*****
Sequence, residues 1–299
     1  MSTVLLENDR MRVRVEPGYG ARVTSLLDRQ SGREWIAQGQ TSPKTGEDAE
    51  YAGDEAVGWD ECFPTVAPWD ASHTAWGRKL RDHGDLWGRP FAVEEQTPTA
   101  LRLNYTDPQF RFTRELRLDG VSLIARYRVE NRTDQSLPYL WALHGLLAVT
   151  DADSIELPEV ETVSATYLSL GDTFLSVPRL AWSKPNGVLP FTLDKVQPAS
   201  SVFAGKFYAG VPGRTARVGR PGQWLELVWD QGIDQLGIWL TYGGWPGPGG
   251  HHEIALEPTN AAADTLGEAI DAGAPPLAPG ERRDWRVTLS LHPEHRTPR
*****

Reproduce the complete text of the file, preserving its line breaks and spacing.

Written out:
Sequence, residues 1–299
     1  MSTVLLENDR MRVRVEPGYG ARVTSLLDRQ SGREWIAQGQ TSPKTGEDAE
    51  YAGDEAVGWD ECFPTVAPWD ASHTAWGRKL RDHGDLWGRP FAVEEQTPTA
   101  LRLNYTDPQF RFTRELRLDG VSLIARYRVE NRTDQSLPYL WALHGLLAVT
   151  DADSIELPEV ETVSATYLSL GDTFLSVPRL AWSKPNGVLP FTLDKVQPAS
   201  SVFAGKFYAG VPGRTARVGR PGQWLELVWD QGIDQLGIWL TYGGWPGPGG
   251  HHEIALEPTN AAADTLGEAI DAGAPPLAPG ERRDWRVTLS LHPEHRTPR